Agapanthus praecox

agapanthus and ferns

Scientific Name: Agapanthus Praecox
Family: Alliaceae
Also Known As: African Lily, Lily of the Nile
Origin: South Africa
Source: Considered invasive species. Several lovely specimens in my front ‘natives’ garden, not sure if they were originally planted or self-motivated migrants.

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All around Wellington, Agapanthus blooms have popped up. I remember these exquisite cut flowers in the refrigerated room of the flower store at Chelsea Market in NYC, but I had no sense of the beautiful thick mass of leaves that forms their base. They’re stunning and elegant with a fireworks burst of blue flowers on a graceful long stem.

Their name should clue you in to their loveliness, as it comes from the Greek agapé (love) and anthos (flower) But Wellington considers them problem weeds for riparian zones, and they are considered invasive throughout New Zealand (and NSW in Australia). In spite of the fact they’re dominant and resilient little fleurs (or perhaps even more because) I’m quite delighted they’ve invaded my neighborhood.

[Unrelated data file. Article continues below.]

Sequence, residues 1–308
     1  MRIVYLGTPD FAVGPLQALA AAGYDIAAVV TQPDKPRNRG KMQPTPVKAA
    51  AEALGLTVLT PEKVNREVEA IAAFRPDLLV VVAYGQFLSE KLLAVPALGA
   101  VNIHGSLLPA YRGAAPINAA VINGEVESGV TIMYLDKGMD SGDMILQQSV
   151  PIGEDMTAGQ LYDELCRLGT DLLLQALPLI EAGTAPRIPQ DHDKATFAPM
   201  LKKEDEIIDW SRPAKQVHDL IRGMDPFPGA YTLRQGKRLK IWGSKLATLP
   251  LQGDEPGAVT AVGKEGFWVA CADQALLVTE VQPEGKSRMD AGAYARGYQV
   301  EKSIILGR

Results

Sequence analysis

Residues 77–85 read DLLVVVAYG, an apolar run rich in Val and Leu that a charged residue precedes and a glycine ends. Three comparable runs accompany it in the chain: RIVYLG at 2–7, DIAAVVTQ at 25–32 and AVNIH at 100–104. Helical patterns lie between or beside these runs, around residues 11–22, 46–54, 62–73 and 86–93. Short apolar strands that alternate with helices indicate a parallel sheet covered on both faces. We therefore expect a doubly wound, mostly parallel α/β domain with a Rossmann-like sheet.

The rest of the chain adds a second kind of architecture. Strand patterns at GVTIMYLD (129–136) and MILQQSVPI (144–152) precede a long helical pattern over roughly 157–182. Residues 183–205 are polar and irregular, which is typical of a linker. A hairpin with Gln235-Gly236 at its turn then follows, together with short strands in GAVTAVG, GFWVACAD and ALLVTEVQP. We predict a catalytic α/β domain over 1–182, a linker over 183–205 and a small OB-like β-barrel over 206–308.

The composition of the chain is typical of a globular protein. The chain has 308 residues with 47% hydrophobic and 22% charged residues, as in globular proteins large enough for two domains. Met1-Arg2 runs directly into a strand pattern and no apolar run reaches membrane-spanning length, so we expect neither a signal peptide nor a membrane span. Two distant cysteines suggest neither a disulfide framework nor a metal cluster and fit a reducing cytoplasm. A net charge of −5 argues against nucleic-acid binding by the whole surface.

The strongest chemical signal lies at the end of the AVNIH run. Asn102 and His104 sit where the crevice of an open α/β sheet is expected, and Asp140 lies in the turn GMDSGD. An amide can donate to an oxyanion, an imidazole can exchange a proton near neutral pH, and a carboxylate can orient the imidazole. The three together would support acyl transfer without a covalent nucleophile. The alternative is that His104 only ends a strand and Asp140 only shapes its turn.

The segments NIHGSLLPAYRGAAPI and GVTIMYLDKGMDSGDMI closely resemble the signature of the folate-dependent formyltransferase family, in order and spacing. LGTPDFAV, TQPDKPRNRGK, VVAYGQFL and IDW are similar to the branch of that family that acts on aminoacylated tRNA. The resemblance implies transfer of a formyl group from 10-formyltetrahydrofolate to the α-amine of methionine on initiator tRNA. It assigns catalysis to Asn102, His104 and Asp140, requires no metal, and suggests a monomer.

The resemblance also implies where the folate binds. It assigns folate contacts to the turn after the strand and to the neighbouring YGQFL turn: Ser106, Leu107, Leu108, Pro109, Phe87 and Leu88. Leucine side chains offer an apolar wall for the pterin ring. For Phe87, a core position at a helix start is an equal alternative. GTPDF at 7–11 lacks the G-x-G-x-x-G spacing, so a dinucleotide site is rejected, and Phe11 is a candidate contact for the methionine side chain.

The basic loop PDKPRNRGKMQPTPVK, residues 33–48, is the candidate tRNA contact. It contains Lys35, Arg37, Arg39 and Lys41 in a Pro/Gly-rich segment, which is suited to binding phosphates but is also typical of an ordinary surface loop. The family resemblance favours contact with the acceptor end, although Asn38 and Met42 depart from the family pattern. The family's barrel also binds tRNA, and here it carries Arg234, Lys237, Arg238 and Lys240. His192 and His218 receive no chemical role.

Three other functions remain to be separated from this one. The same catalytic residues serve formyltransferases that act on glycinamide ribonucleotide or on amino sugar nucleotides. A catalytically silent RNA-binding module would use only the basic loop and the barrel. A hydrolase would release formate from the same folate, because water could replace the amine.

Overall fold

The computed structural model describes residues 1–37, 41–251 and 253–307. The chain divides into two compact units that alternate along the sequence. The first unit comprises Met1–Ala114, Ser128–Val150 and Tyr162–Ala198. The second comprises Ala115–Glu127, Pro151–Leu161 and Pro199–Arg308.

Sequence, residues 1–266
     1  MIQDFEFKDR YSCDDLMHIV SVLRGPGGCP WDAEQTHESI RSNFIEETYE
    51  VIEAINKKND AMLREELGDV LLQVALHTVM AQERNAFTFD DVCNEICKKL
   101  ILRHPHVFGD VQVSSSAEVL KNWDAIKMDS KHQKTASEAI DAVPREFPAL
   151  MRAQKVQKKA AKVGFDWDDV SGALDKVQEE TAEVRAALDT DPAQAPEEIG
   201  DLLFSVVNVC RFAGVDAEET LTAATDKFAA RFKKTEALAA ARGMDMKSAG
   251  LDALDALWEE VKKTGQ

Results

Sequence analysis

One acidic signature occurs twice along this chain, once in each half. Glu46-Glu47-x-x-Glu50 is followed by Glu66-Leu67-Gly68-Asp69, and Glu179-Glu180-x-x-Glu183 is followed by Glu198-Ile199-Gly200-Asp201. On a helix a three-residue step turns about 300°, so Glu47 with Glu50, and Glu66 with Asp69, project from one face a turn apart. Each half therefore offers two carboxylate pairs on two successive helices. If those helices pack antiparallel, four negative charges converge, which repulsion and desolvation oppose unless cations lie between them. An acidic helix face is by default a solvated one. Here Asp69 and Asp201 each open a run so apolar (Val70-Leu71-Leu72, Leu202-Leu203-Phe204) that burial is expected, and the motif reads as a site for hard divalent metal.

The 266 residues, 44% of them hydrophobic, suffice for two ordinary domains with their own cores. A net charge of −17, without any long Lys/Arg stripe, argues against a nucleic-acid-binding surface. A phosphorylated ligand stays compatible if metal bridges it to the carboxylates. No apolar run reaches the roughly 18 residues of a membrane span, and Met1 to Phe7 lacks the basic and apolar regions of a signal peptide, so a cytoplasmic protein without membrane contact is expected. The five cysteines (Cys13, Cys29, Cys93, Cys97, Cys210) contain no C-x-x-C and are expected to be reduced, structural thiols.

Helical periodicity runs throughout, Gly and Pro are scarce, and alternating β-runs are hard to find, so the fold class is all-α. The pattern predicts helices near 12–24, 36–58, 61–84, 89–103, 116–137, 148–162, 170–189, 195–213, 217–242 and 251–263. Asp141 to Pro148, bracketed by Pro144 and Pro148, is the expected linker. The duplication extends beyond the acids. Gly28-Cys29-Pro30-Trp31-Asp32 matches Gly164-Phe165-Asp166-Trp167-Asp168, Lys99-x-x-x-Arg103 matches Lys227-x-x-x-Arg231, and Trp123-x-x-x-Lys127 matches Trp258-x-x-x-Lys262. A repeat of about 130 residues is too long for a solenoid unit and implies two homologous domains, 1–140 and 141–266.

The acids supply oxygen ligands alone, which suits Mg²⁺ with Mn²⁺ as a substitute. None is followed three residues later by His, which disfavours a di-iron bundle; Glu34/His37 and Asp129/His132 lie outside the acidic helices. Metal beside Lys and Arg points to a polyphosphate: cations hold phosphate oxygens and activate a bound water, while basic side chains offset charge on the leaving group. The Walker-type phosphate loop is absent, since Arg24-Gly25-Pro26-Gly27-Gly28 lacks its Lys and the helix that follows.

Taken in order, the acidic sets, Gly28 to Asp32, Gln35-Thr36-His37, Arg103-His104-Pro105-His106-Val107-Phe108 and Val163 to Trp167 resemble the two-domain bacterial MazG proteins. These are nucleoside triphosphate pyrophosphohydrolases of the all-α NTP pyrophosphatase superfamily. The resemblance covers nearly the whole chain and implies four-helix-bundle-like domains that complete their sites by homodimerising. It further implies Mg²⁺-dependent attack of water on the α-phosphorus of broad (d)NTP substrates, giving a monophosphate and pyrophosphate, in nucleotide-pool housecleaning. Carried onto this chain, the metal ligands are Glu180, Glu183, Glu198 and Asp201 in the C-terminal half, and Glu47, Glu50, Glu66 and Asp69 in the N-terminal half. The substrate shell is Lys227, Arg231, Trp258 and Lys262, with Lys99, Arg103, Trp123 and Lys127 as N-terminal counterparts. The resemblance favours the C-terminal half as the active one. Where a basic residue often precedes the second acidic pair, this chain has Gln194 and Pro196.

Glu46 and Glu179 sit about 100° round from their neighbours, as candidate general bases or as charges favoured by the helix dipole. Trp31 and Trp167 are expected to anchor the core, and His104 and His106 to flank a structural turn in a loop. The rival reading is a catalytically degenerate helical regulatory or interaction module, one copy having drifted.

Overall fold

Perhaps we should be looking more closely to its medicinal value. Originally from South Africa, agapanthus is considered to be both a magical and medicinal, the plant of fertility and pregnancy. Xhosa women use the roots to make antenatal medicine, and they make a necklace using the roots that they wear as a charm to bring healthy, strong babies. The Zulu use agapanthus to treat heart disease, paralysis, coughs, colds, chest pains and tightness. It is also used as a love charm. (from